The first thing to note is the plain fact that people are routinely prevented from using their material property when it would violate any right — so the protection of intellectual property rights would not be unique in so “controlling” other people in their use of their material property. For example, my neighbor’s person and property rights are not violated when he is not allowed to spontaneously whack me in the head with his fully-owned two-by-four. His rights are not violated in preventing him from using his tangible truck to pull up to my house and drive off with my entertainment center. We are all restricted from using our persons and property to violate the rights of others, and such restrictions do not themselves constitute an infringement of rights because nobody has the right to violate rights.

It is bad enough that these libertarian scholars ignore such an obvious point, but the evasion reaches full bloom in Kinsella’s explanation of the alleged “taking” caused by the appearance of intellectual property. The charge is that, as intellectual property comes into existence, liberty is lost in a magical transfer of partial ownership from the owners of material property to an author or inventor, thereby unjustly preventing them from doing something they were otherwise free to do with their own property. But in no sense is any ability, permission, or liberty lost. Recall that intellectual property rights protect the manufacture of creations — objects which did not and would not otherwise exist. Before a novel has been written, absolutely nobody has the power to publish it, so its being authored cannot remove any liberty previously enjoyed by printers. And before some better mousetrap is invented, nobody has the power to produce it — so its being invented cannot deny manufacturers any previously enjoyed freedom.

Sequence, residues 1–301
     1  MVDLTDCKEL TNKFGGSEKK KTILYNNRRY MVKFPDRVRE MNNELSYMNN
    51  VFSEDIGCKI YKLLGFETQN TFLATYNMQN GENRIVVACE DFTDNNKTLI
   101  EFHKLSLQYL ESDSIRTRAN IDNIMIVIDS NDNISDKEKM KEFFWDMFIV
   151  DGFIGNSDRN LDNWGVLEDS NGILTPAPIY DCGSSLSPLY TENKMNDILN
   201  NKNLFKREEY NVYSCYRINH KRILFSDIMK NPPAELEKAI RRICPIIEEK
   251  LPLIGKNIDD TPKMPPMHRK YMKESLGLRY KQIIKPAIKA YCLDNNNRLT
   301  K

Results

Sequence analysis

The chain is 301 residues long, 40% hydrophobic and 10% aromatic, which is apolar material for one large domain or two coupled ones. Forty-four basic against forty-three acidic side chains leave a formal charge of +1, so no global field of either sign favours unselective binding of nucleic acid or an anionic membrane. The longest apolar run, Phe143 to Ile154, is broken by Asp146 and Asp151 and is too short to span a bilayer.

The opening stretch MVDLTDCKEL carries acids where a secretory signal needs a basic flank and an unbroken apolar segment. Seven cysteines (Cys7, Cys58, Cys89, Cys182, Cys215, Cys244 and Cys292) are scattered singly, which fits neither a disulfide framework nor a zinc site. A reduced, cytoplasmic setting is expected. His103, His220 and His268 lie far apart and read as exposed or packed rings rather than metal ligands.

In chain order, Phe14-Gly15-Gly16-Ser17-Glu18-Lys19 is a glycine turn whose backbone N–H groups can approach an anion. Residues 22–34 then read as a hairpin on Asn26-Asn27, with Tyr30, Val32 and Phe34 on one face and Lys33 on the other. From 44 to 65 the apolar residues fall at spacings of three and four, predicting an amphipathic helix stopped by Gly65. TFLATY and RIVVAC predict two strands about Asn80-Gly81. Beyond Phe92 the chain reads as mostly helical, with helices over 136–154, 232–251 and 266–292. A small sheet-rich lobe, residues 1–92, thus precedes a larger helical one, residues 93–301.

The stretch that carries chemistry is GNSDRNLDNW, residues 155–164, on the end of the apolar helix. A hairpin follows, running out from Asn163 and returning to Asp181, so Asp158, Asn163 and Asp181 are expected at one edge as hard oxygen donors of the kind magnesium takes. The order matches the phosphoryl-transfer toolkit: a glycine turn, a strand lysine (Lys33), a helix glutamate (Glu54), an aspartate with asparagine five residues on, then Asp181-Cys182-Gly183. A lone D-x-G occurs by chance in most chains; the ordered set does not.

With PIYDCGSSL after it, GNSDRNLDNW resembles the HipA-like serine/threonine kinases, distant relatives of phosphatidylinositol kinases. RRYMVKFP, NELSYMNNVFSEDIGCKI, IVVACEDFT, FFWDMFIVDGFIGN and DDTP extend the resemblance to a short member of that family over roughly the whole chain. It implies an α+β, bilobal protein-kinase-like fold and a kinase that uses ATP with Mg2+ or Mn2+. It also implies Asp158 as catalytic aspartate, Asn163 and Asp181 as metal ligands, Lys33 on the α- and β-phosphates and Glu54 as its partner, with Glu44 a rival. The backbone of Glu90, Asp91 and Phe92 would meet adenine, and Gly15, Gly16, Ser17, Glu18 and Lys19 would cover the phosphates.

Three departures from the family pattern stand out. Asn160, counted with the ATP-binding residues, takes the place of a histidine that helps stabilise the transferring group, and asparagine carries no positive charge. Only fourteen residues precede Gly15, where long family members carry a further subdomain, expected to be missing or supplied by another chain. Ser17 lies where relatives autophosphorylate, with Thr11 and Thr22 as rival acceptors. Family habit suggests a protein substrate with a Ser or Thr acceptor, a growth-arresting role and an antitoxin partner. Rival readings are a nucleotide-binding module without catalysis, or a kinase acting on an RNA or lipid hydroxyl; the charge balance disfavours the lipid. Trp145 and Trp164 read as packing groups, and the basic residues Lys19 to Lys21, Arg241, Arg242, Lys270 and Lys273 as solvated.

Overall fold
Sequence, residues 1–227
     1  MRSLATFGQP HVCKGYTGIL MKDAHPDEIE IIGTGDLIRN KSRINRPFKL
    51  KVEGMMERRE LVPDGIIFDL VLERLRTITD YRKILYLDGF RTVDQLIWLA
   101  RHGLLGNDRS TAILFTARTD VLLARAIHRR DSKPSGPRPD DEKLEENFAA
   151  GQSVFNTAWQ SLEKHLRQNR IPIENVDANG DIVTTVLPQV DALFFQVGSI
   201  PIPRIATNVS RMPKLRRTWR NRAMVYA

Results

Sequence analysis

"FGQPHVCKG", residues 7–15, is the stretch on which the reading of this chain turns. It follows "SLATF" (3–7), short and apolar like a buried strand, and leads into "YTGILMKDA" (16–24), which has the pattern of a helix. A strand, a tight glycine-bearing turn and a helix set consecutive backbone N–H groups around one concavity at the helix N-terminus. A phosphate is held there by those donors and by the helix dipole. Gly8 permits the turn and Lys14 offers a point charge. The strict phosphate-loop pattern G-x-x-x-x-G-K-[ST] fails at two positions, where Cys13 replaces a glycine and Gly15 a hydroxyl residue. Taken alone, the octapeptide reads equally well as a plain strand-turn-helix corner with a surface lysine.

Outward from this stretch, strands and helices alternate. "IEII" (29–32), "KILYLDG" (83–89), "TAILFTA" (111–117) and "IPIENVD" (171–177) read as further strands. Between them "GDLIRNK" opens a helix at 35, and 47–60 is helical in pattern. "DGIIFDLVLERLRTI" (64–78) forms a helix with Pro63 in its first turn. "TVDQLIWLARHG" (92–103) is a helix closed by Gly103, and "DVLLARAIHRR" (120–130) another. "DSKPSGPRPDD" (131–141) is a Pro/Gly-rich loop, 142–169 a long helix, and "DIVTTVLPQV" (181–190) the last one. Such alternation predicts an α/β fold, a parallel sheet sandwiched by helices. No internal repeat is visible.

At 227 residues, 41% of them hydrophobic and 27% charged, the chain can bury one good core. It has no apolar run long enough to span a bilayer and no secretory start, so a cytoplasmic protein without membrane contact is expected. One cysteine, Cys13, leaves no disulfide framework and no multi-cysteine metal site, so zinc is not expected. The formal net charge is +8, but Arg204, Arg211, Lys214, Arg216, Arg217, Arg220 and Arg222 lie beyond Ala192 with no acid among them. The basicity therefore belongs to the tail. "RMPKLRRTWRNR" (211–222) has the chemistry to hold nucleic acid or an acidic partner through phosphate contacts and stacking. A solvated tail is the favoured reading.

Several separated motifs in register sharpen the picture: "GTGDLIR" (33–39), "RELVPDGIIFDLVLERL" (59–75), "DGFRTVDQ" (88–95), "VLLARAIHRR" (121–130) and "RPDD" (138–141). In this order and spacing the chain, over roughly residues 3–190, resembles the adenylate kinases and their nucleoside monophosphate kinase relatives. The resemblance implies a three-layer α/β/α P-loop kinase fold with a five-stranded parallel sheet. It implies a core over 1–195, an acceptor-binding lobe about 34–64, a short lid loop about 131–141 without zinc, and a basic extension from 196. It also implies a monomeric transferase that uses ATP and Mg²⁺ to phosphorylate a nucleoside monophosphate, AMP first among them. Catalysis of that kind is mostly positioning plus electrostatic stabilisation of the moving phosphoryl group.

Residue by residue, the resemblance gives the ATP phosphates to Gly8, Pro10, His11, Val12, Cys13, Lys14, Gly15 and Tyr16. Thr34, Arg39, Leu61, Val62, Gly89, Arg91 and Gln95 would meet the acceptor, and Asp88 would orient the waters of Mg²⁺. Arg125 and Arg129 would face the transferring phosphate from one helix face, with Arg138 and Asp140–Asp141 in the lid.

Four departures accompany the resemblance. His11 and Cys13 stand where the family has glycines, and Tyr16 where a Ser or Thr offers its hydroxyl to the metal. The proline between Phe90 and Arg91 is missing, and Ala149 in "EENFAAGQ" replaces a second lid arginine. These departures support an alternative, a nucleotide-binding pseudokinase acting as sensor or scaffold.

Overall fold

Indeed, far from losing any power or liberty, the options available to owners of material property only increase with the appearance of intellectual property: they are presented with at least the potential to use their property in the production of new, life-serving objects in collaboration with an inventor or artist.

Bala’s friends there at LvMI are definitely not helping him out. How many of the other issues with his account of Objectivism and IP can you see and (constructively) address?

Libertarian vs. Objectivist Thinking

Nov 042009